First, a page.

Moscow dispatched top veterinary officials to Belarus on Tuesday after the neighboring country, which has a free-trade zone with Russia, said it would not become a back-door conduit for banned Western food products.
Last week Russia banned imports of fruit, vegetables, meat, poultry, fish, shellfish, scallops, milk and dairy from the United States, the European Union, Australia, Canada and Norway in retaliation for Western sanctions over the crisis in Ukraine.
Since the ban was imposed, Russian media have been flooded with jokes that Moscow will soon see supplies of oysters and shrimp coming from landlocked Belarus, which together with Kazakhstan has a free-trade deal with Russia as part of the Customs Union between the three states.
Both Belarus and Kazakhstan have said they will continue to import the Western foods that Moscow has banned.
Minsk has said, however, that it will prevent banned foods from being shipped onward to Russia.
"If Russia has closed its market for certain products, we must not allow the transit of these products via Belarus to Russia," Belarussian President Alexander Lukashenko was quoted as saying by his administration this week.
"As for our domestic market, we had a separate discussion of this issue. It's our own affair. If we need Polish apples, we buy them, but not for Russia," Lukashenko said.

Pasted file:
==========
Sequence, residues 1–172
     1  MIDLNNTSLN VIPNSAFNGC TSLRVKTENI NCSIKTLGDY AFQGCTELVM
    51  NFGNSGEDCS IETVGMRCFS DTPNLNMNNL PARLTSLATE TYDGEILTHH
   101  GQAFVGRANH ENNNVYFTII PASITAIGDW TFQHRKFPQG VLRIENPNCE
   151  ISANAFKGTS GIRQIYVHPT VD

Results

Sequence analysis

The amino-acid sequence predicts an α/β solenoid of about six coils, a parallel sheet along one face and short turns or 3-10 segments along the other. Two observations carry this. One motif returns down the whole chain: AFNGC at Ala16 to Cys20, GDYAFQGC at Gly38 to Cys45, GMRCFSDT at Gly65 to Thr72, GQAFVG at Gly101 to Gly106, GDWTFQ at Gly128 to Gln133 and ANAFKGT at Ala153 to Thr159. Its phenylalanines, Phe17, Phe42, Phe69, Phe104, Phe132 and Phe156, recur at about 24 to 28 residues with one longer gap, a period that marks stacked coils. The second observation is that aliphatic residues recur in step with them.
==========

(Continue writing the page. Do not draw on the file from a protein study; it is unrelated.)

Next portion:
On Tuesday, Sergei Dankvert, head of Russia's veterinary regulator, and other officials from the agency traveled to Minsk for talks. A delegation from Belarus was expected in Moscow on Wednesday.
Belarus is Russia's closest ally, relying on Moscow for cheap energy and serving as a buffer zone between Russia and NATO nations.
Importers say that small scale re-exports could still reach Russia, but that large operations were unlikely.
"On the one hand, Belarussian companies may be interested in benefiting from this. On the other hand, there is a risk of seriously damaging relations with Russia," said Viktor Markelov, head of the Belarussian Confederation of Entrepreneurship.
Belarus hopes to significantly increase export volumes to Russia of the food it produces such as pasta, vegetables, grocery products and confectionery, Belarussian Agriculture Minister Leonid Zayats told local media last week.
Belarus supplied food products worth $1 billion to Russia in January-March, mainly milk, dairy products and meat.
In Kazakhstan, the administration of President Nursultan Nazarbayev has said Moscow's food bans are a "unilateral act."
Russia last year imported $17.2 billion worth of food from the countries covered by the sanctions, of which $9.2 billion was in the affected categories, according to the International Trade Center, a joint venture of the United Nations and the World Trade Organization.